Virginia at War, 1864

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William Davis
University Press of Kentucky, Sep 25, 2009 - History - 256 pages
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The fourth book in the Virginia at War series casts a special light on vital home front matters in Virginia during 1864. Following a year in which only one major battle was fought on Virginia soil, 1864 brought military campaigning to the Old Dominion. For the first time during the Civil War, the majority of Virginia’s forces fought inside the state’s borders. Yet soldiers were a distinct minority among the Virginians affected by the war. In Virginia at War, 1864, scholars explore various aspects of the civilian experience in Virginia including transportation and communication, wartime literature, politics and the press, higher education, patriotic celebrations, and early efforts at reconstruction in Union-occupied Virginia. The volume focuses on the effects of war on the civilian infrastructure as well as efforts to maintain the Confederacy. As in previous volumes, the book concludes with an edited and annotated excerpt of the Judith Brockenbrough McGuire diary.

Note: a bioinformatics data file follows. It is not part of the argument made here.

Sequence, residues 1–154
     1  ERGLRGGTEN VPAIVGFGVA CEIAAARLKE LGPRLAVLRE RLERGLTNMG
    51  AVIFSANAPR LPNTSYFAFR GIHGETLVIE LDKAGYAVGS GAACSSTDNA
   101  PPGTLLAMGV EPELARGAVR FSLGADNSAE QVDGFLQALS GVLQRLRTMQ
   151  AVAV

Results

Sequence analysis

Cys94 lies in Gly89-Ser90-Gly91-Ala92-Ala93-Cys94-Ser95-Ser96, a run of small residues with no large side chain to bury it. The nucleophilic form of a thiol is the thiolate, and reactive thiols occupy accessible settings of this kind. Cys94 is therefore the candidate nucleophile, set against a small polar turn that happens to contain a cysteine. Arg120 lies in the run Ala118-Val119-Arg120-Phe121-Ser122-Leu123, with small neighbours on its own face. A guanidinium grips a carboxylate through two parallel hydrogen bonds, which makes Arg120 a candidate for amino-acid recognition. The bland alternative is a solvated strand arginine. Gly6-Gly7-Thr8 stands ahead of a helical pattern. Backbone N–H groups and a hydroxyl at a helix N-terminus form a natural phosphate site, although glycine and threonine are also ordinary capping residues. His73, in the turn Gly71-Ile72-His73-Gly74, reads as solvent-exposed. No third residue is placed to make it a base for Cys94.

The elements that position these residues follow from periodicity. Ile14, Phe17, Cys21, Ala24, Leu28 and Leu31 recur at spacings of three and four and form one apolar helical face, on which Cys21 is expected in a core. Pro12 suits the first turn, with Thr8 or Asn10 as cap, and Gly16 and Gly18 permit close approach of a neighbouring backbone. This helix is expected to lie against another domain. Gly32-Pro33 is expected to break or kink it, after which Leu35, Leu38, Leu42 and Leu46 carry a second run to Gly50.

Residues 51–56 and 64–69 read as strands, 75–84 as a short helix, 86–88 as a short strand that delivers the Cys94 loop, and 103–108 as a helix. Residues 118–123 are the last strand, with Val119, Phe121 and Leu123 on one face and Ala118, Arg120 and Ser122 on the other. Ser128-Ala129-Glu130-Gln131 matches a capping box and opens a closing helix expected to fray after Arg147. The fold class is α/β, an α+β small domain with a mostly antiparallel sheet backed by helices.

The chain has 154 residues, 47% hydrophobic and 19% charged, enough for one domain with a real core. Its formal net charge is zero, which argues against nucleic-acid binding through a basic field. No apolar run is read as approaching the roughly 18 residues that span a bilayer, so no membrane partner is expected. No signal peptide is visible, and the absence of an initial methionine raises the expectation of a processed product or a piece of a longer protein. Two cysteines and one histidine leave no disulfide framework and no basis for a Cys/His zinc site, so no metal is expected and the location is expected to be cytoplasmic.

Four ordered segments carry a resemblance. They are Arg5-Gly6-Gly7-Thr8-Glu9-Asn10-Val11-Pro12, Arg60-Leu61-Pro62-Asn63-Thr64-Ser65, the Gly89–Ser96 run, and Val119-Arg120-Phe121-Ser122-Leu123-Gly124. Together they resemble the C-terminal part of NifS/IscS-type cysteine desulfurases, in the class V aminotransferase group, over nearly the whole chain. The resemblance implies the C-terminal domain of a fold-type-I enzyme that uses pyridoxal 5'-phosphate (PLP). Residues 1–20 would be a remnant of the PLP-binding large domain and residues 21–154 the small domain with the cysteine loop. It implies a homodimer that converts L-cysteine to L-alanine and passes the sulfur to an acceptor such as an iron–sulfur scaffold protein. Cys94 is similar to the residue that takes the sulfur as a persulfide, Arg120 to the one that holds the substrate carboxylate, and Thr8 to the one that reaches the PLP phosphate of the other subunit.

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Land Operations in Virginia in 1864
Politics in Civil War Virginia
A Patriotic Press
Clinging to Patriotism
Trains Canals and Turnpikes
We are all good scavengers now
The Struggle to Learn
Words in War
Rehearsing Reconstruction in Occupied Virginia
Diary of a Southern Refugee during the War June 1863July 1864
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About the author (2009)

William C. Davis, professor of history and director of programs at Virginia Tech’s Virginia Center for Civil War Studies, is the author of numerous books. James I. Robertson Jr. is Alumni Distinguished Professor of History at Virginia Tech, director of the Virginia Center for Civil War Studies, and the author of several books.